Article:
We control for those observable factors in the sample that could potentially affect both the above-mentioned outcome and the treatment variable. Controls can be divided into two types. First, we use basic individual characteristics, such as age, gender, education level, marital status, whether there are children in the household, immigrant status, and the level of education of their parents. Second, we control for occupation (two digits) and industry (one digit) dummy variables. The PIAAC data also include information that is usually absent in this type of analysis and whose absence can seriously bias the results – the worker’s motivation. To capture this information, we exploit a question on the reasons for learning new skills. In particular, we use a dummy variable, Motivation, which takes the value 1 when the individual reports being identified ‘largely’ or ‘to a very great extent’ with learning new skills to improve her performance in the workplace. Notice that not controlling for individual motivation may provide a non-causal correlation between temporary contracts and skills acquisition, as less motivated individuals may also be more likely to have a temporary contract.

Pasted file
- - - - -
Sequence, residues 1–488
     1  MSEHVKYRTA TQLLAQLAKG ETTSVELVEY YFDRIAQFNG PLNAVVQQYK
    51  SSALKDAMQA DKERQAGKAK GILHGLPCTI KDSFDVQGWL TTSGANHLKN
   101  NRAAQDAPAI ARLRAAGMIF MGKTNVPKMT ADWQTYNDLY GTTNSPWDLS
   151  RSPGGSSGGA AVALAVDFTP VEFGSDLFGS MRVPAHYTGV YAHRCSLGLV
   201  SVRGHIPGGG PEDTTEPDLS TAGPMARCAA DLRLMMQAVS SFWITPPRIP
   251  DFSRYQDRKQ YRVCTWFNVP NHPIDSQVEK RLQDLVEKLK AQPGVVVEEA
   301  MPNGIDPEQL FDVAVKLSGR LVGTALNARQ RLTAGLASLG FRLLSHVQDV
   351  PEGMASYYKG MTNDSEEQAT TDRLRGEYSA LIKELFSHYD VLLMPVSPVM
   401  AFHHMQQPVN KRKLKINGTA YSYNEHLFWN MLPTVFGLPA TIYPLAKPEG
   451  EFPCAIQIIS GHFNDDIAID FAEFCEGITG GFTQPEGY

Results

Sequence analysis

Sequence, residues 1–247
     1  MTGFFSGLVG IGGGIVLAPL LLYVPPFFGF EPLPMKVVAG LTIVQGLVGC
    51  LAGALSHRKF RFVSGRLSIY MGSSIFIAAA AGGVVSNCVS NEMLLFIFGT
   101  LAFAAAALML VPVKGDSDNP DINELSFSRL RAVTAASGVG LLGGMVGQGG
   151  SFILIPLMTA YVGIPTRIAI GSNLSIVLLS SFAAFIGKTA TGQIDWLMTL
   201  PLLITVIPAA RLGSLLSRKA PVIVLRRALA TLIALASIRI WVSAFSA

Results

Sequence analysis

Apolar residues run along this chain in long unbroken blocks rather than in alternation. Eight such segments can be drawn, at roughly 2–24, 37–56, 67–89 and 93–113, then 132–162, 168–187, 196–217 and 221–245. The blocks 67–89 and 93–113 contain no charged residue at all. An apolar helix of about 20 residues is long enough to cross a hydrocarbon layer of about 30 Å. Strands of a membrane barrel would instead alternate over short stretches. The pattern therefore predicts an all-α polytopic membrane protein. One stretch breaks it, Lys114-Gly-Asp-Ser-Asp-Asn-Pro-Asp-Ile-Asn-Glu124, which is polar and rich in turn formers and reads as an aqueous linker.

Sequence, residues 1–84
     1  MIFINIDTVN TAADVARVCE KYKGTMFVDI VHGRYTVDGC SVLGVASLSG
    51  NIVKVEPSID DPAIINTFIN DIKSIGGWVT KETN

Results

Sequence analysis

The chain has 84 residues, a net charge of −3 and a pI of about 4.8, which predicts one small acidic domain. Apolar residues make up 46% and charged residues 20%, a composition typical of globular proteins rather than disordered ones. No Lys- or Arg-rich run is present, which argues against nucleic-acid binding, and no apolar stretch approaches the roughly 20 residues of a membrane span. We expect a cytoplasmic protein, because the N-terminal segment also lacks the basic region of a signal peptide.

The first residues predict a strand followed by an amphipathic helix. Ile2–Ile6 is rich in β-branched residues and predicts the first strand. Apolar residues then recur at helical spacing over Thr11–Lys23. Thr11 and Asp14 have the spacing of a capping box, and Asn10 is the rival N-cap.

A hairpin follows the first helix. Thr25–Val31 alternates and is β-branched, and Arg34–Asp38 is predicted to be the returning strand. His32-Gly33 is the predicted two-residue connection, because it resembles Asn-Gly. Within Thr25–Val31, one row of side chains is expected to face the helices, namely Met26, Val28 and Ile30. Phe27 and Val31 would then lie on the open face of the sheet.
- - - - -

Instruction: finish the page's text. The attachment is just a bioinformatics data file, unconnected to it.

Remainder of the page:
Empirical findings

  • Depending on the specification, we find that a temporary contract is associated with a reduction of between 8 and 16 percentage points in the probability of receiving on-the-job training (the unconditional probability of receiving training in our sample is 44%).3

These results are consistent with the view that entrepreneurs do not find it profitable to train workers who will be fired with high probability at the end of their contracts, as the still-high differential in severance payments between permanent and temporary contracts is for them an insurmountable obstacle (the annual temporary-to-permanent conversion rate in Spain barely exceeds 7% at present, and never went above 15% in the past).